Once an invasive is established, it may prey upon or compete with native species of plants, fish and wildlife, as well as carry harmful diseases or parasites. The potential environmental impacts of an invasive species include a loss of biodiversity, stunted fish stocks, decreased water quality and habitat value, and impeded water flow. The potential economic impacts include a decrease in recreational opportunities due to impaired water quality and swimmer safety concerns, a decrease in commercial opportunities and adverse effects on important fisheries industries, lower property values, impeded water flow and increased risk of flooding.

Can some plants be considered an invasive species?

Plants form the foundation of biological communities, and invasive plant species can alter an ecosystem substantially. The five Gulf states together have more than 30 species of non-indigenous aquatic plants, which includes the notorious hydrilla. Hydrilla, shown to be a problem in all the Gulf states , reproduces by fragmentation. When it is cut each piece produces a new plant, allowing the species to quickly impede waterways, overgrow and shadow native plants and clog waterways. Several million dollars have been spent by the U.S. Army Corps of Engineers, Tennessee Valley Authority and Alabama Power trying to control the spread of this species.

Where can we find out the results of the rapid assessment?

The results will be available at www.gsmfc.org within approximately one month following the close of the 2004 Mississippi rapid assessment.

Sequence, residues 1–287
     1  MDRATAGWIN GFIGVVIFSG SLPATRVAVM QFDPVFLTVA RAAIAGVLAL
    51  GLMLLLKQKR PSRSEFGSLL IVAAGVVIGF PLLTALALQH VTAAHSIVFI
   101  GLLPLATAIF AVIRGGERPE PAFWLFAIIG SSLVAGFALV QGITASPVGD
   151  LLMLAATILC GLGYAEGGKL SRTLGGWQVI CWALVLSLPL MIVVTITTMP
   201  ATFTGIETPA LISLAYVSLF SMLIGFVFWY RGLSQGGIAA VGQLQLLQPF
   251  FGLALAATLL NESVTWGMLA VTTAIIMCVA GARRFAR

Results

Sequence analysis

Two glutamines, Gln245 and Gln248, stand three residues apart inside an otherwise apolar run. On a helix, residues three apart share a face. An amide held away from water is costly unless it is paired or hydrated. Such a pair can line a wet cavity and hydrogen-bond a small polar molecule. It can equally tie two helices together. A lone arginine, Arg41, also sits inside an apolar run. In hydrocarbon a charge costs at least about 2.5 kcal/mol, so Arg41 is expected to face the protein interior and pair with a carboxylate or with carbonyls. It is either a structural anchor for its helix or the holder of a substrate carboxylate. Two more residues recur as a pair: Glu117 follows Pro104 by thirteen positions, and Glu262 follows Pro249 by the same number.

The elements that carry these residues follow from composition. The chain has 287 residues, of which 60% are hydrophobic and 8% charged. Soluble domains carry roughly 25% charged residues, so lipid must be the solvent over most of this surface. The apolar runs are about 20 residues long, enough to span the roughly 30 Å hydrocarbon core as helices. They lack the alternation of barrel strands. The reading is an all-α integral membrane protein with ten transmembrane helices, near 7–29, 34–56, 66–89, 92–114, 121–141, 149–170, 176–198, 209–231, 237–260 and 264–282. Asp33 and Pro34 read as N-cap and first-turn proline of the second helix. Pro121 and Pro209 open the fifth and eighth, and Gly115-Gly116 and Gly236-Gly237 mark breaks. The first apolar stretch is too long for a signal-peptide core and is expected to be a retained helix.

Is there federal legislation about invasive species?

The Non-indigenous Aquatic Nuisance Prevention and Control Act of 1990 (Act) established the National Aquatic Nuisance Species Task Force (ANSTF). The responsibility of the ANSTF is to provide coordination among the various federal agencies that have authority and jurisdiction over aspects of management and control of aquatic invasive species. In addition, there are several non-federal members (Ex-officio) who are members of the ANSTF to provide additional input from the affected public. In order to achieve a full understanding of the aquatic invasive species across the nation, the Act also provides for the establishment of regional panels. The purpose of the panels is to establish regional priorities, identify aquatic invasive species of importance, and make recommendations from a regional perspective to the ANSTF. In 1999, the Gulf of Mexico Regional Panel on Aquatic Invasive Species (Gulf Panel) was established under the administrative support of the Gulf of Mexico Program administered by the U.S. Environmental Protection Agency. As of 2002, the Gulf States Marine Fisheries Commission now provides administration of the Gulf Panel.

How was AMRAT started?

Following the October 2002 meeting of the Gulf of Mexico Regional Panel on Aquatic Invasive Species in Tampa , panel members Harriet Perry and David Yeager brainstormed about how to get a clearer picture of the status of non-native species in northern Gulf of Mexico waters. They mapped out a plan for AMRAT, and the network of scientists concerned about invasive species mobilized resources to launch the first large-scale rapid assessment held in the Gulf of Mexico – the 2003 AMRAT survey of Mobile Bay . Perry is director of The University of Southern Mississippi Center for Fisheries and Development at the Gulf Coast Research Laboratory in Ocean Springs and Yeager is director of the Mobile Bay National Estuary Program in Mobile .

What happens next?

This is the second year of the project. We hope to have great weather and great success in cataloguing potential invasive species in the Mississippi Sound and the surrounding waters. The state of Florida is interested in how Mississippi and Alabama conducted the AMRAT survey. We will probably begin to work informally with them.